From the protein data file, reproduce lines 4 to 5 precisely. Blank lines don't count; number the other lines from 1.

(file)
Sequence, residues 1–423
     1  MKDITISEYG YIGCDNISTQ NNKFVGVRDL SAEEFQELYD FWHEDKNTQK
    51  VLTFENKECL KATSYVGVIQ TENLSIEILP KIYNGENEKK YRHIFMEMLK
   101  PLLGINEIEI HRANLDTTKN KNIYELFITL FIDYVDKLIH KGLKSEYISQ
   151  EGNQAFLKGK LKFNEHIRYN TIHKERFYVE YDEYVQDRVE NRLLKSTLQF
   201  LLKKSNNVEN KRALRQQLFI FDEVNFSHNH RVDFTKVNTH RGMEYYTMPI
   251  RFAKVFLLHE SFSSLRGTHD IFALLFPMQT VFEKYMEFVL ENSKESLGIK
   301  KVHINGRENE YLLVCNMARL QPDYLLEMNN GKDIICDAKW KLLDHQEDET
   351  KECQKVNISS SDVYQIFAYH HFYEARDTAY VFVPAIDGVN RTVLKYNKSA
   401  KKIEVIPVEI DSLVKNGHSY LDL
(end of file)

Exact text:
   101  PLLGINEIEI HRANLDTTKN KNIYELFITL FIDYVDKLIH KGLKSEYISQ
   151  EGNQAFLKGK LKFNEHIRYN TIHKERFYVE YDEYVQDRVE NRLLKSTLQF